tion, but it may also be employed to document diligence and reduc-
tion to practice. The importance of laboratory notebooks and how to
keep them are detailed in Chapter 4.
The invention process involves conception, reduction to prac-
tice, diligence, and filing a patent application in the U.S.P.T.O. For
conception to occur, the inventor must have all the details of the in-
vention worked out in his or her mind. These details need to be doc-
umented and corroborated by a witness. After conception, the inven-
tor must work diligently to reduce the invention to practice and file a
patent application in the U.S.P.T.O. If two parties claim the same in-
vention in a patent application or an issued patent and a patent appli-
cation, the patent will only be awarded to the party that can prove it
was the first to invent. Therefore, documenting the circumstances
surrounding conception, reduction to practice, and diligence is a
very important part of the U.S. patent process.
1. Quentin Hardy, "Higher Callin~ How a Wife's Question Led Motorola to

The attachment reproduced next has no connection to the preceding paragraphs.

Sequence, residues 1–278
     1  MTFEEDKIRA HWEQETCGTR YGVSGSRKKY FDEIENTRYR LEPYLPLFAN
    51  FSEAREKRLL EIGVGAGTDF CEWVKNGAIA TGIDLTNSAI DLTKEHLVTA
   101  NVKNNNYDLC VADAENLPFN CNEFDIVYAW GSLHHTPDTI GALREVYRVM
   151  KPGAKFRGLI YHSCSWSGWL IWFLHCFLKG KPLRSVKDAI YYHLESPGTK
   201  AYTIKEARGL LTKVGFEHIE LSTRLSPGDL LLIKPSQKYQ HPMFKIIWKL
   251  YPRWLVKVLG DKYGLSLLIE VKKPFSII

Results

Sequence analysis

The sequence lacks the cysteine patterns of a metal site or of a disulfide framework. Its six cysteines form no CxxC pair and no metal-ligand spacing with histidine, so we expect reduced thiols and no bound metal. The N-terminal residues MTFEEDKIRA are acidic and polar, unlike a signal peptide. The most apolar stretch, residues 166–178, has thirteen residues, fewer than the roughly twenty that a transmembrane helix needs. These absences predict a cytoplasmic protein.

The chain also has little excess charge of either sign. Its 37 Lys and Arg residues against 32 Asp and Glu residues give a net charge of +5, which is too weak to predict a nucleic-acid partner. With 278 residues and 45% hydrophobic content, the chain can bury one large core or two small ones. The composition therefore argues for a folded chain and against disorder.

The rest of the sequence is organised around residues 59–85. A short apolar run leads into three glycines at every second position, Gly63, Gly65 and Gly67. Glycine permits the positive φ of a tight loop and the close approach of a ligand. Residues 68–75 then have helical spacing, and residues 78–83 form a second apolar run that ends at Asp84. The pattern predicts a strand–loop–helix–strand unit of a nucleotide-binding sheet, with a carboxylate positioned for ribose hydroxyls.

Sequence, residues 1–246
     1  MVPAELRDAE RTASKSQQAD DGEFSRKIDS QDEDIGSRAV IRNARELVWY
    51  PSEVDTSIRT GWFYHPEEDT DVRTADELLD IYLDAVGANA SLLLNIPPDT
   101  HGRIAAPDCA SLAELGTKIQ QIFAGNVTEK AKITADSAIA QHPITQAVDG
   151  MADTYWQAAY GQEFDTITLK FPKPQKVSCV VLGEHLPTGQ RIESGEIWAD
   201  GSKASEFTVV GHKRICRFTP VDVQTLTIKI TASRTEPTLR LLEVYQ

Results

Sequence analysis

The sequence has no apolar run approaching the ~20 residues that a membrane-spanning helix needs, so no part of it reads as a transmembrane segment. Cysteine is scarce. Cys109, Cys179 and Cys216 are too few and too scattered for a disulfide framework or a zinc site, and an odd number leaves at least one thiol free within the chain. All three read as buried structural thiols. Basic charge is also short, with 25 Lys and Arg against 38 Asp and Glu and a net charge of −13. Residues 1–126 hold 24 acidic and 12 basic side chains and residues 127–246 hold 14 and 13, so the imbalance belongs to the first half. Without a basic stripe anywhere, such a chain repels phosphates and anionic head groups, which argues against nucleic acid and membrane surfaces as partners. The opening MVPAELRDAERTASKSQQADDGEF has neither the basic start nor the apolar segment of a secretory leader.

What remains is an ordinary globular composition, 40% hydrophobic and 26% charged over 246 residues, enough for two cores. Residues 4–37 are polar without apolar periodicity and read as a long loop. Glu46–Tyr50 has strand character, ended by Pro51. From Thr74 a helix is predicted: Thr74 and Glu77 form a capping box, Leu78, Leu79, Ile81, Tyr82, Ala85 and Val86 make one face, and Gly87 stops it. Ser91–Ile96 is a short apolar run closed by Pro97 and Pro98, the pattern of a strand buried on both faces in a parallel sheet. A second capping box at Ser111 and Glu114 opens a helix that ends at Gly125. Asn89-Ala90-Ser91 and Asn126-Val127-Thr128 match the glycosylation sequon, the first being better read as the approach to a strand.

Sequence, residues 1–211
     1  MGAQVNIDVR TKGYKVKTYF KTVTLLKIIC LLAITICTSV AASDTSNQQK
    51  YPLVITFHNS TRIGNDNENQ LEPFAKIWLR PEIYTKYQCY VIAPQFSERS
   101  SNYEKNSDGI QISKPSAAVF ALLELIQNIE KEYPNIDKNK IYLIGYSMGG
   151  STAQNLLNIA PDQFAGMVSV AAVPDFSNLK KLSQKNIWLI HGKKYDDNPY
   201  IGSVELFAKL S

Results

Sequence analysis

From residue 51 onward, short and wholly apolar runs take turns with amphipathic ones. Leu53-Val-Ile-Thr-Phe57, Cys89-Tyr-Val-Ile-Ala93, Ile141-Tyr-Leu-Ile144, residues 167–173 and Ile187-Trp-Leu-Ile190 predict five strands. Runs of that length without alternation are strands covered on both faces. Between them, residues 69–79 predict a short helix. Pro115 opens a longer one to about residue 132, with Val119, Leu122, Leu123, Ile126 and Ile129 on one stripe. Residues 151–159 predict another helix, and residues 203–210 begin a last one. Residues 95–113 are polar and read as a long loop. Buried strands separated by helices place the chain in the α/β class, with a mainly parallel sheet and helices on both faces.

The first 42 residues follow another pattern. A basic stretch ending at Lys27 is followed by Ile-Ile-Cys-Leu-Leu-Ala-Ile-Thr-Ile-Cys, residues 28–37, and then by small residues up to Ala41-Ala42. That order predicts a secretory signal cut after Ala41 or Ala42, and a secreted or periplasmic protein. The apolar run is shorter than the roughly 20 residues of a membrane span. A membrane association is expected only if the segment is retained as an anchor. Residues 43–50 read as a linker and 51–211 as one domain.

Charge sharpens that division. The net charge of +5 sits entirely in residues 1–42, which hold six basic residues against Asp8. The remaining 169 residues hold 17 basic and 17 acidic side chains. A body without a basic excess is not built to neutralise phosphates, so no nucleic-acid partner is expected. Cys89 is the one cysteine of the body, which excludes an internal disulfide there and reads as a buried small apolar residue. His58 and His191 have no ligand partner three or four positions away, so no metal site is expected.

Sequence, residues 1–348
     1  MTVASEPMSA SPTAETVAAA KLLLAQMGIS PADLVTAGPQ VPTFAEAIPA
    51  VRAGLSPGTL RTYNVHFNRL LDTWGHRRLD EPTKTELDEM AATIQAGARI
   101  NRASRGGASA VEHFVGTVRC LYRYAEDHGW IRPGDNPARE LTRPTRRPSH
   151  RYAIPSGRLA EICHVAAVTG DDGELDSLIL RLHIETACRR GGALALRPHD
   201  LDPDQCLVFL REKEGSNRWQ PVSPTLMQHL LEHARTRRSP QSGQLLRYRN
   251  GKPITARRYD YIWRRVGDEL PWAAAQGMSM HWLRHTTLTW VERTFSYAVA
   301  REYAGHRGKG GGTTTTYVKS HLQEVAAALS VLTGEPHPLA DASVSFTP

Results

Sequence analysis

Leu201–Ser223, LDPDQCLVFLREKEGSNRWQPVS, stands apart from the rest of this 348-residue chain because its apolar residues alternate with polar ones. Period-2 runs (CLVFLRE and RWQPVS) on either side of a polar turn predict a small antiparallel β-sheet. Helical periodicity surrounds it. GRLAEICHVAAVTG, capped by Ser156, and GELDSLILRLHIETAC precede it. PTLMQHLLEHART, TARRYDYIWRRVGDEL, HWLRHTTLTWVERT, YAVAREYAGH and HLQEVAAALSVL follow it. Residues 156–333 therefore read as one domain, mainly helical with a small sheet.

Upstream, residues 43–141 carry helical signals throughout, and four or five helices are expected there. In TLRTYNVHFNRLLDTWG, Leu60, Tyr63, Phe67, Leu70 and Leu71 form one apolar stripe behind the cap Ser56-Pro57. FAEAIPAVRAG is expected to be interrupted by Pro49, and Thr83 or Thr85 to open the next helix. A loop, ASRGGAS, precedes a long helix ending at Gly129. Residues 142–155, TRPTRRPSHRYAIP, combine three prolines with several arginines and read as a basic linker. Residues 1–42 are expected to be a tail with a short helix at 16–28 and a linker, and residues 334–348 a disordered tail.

Chase Global Cell-Phone Plan,"
The Wall Street yournal,
December 16, 1996.
ple of conception.)
2. Coleman v. Dines, 754 F.2d 353, 359, 224 U.S.P.Q: 857, 862 (Fed. Cir. 1985).
(Emphasizes the importance of having corroborating evidence of conception.)
3. Mergenthaler v. Scudder, 11 App. D.C. 264, 276, 1987 C.D. 724, 731 (1897).
(Sets precedent for construction being the only thing le# a)qer conception.)
4. Gunter v. Stream, 573 F.2d 77, 80, 197 U.S.P.Q: 482-484 (C.C.P.A. 1978).
(Sets precedent for construction being the only thing le~ after conception.)
5. McCarthy, J. Thomas (1996).
"McCarthy's Desk Encyclopedia of Intel-
lectual Property," 2nd ed., pp. 314-316. BNA Books, Washington, DC.
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